Friday, September 29, 2006

Injecting XML input into XQuery using Spring

I recently went to a XML Access Languages event held jointly by W3C and xmluk.org. Presentations centered on XQuery, XSLT 2.0, XPath 2.0 and SPARQL. The whole event was tremendously interesting and I will probably blog further about this at a latter date.

Liam Quin gave a very enjoyable talk on XQuery which specifically caught my eye. Michael Kay (of SAXONICA) also spoke about the relationship of XQuery to XSLT 2.0, XPath 2.0 and XML Schema so I feel particularly well informed on the subject now (there is nothing like hearing it from the horse's mouth!). XQuery looks a bit like a hybrid of SQL and XPath (with FLWOR [For-Let-Where-Order-Return] syntax thrown in) and is particularly useful for accessing XML data across disparate sources.

Following the conference I have been doing some experiments using SAXON, starting with trying out the examples in Bob DuCharme's XML.com article Getting Started with XQuery.

XQuery 1.0 and XSLT 2.0 both support's XPath 2.0's document() and collection() functions for accessing external input XML documents. These are potentially extremely powerful facilities. Having recent experience with the Spring Framework, this way of doing things was a concern to me. XQuery et al appeared to be, at first glance anyway, advocating closely coupling documents with processing. This flies in the face of the inversion of control (dependency injection) design pattern which I have learnt to love.

To further illustrate my point lets say I have some XML source documents that I want to perform some XQuery on:

  • they might be on the filesystem
  • they might be in an XML database
  • they might be in a CLOB on a relational database
  • they might be on the web accessed via an URI
  • they might have been returned via Web Service
  • they might be DSML format returned from an LDAP server
  • they might be from some combination of the above, I could go on...

The document could be coming from almost anywhere and therefore would need to be accessed using very different mechanisms depending on the situation. Does that mean we need as many XQuery implementations as there are access mechanisms? I would hope not. That said, this seems to be the current situation where multiple XML database vendors supplying their own implementations of XQuery for their particular databases. This is wrong surely? I would argue that where the source XML originates is none of the XQuery processors' business and arguably the precise source should not even be detectable from the URI!

SAXON (the free version) includes support for XQuery. The SAXON XQuery processor has native support for accessing XML documents from the filesystem but as an experiment I'd thought it would be good to see if I could make use of the Spring Framework to feed the SAXON XQuery processor.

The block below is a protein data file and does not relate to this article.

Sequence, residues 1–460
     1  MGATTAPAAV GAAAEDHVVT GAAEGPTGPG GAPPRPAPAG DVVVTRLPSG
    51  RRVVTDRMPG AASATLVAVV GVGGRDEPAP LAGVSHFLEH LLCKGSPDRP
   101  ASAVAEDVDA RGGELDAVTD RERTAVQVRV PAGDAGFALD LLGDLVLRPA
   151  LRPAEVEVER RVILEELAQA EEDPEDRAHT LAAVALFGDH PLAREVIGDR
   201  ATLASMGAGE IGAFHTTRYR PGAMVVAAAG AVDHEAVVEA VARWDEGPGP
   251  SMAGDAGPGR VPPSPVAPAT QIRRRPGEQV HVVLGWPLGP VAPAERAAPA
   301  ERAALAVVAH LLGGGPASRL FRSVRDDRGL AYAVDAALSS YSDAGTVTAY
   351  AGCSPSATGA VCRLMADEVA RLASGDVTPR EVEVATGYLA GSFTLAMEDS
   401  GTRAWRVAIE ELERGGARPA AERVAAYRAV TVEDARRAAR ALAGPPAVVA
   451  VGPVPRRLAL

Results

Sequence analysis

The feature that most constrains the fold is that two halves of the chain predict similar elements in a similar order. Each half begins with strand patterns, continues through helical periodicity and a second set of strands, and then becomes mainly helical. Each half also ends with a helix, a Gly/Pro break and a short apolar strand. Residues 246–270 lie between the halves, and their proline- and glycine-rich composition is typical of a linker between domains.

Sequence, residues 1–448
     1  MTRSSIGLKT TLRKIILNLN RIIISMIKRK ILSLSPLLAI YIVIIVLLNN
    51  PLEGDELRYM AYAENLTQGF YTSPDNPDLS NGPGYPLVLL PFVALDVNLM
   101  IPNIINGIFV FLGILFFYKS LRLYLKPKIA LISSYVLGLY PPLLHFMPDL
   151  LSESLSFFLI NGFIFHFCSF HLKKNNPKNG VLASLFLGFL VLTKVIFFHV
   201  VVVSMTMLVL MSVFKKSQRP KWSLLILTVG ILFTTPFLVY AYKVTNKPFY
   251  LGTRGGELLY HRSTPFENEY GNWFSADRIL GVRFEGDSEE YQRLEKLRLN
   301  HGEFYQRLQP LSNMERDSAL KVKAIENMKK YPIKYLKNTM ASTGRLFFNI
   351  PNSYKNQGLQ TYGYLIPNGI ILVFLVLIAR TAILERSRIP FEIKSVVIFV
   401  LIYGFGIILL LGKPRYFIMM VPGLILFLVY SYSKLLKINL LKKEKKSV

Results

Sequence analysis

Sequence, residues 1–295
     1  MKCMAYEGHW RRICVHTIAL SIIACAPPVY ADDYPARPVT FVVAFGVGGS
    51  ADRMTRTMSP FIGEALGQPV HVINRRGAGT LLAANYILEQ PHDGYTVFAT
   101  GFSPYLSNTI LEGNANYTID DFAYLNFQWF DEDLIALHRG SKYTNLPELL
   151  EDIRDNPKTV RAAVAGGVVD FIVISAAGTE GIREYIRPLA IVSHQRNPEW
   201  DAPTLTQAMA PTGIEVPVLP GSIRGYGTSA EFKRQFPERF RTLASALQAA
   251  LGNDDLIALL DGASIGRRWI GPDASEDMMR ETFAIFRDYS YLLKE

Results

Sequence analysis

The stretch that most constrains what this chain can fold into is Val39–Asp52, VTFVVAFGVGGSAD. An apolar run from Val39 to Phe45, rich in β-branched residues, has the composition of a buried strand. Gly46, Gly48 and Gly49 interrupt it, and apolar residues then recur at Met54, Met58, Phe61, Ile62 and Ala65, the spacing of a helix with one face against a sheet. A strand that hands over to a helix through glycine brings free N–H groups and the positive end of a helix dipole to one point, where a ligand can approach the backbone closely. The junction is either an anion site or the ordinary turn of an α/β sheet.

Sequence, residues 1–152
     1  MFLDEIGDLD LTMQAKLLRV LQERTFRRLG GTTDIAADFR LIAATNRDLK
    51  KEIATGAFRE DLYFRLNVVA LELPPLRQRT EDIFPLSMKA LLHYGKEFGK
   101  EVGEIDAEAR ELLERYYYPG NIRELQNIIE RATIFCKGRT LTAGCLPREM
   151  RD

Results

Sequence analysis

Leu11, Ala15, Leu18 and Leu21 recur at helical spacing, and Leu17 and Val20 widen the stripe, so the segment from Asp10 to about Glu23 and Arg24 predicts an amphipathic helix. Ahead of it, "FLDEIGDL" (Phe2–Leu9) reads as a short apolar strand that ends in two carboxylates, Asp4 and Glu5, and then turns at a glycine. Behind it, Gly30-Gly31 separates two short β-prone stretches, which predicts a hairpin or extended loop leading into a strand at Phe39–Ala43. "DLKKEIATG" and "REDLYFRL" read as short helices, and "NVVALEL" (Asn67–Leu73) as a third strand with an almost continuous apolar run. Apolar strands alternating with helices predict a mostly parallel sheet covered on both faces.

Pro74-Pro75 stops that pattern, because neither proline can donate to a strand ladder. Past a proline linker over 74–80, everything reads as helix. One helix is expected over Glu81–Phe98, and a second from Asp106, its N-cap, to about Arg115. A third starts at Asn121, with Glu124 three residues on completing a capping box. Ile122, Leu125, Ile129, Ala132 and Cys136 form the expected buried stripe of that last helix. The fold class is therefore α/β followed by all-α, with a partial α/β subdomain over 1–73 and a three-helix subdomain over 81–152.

There is already a Spring XML Database Framework that enables Spring to access eXist and Apache Xindice XML database datasources to interact with XQuery but it looked a little complicated for my needs.

I discovered that the URI in the document() and collection() functions is merely a reference to an external document, it is not necessary that this should imply a specific access mechanism. In order to fool SAXON into accepting my Spring accessed input data I discovered that all I needed to do was to implement a Spring aware URIResolver and CollectionURIResolver. I could then configure SAXON to use those resolvers to access the documents and collections referenced in the XQueries.

What follows is by no means full featured (it is hard wired to read from a Spring resource) but it could be extended to support multiple data access mechanisms. I achieved my ends via two fairly simple java beans and a test program.

SpringXQuery performs the XQuery itself.
It is responsible for loading XQuery query file (using the Spring resource loader).
It is used to configure the collection and document URI resolvers.

SpringURIResolver provides the URI resolution.
You can configure a map of collections to use, using a map of maps.
You can configure a map of documents.

Other files are:

Spring's application context configuration file
A simple test program

and also the XQuery files and example XML files used in Bob DuCharme's XQuery article.

Incidentally I made use of Spring's MapFactoryBean in order to make my Spring configuration a little bit cleaner. I also made use of a tip I found, Spring: Locating Application Relative Resources, to ensure the Spring resource loader works.

Surprisingly enough it works; this is despite the fact that I do not fully understand all the intricacies of what I am implementing!

It looks to me that when using XQuery across multiple datasources performance is always likely to be an issue and this partly explains why all these database vendors have vendor specific implementations. I might argue that performance issues should be addressed on a separate level and, IMHO, is not a sufficient argument for re-implementing an entire language! Roll on javax.xml.xquery...

2 comments:

ismjml said...

Do you have any example of this???



Thanks in advance.
Note: Comment imported. Original by gengis at 2007-12-05 15:36

ismjml said...

Hi gengis,



I have thrown together a quick distribution of my code with the examples from Bob's XQuery article. If you want to understand the XQuery side of this you should read Bob's article. I have have used Maven 2 to keep my distribution lean.





Download: SpringXQuery.zip





You will need to install Maven2 and run:





mvn compile exec:exec





Hopefully that will gather the dependencies, build my code and run some example XQueries.


Note: Comment imported. Original by markmc website: http://content.mark-mclaren.info/ at 2007-12-05 21:16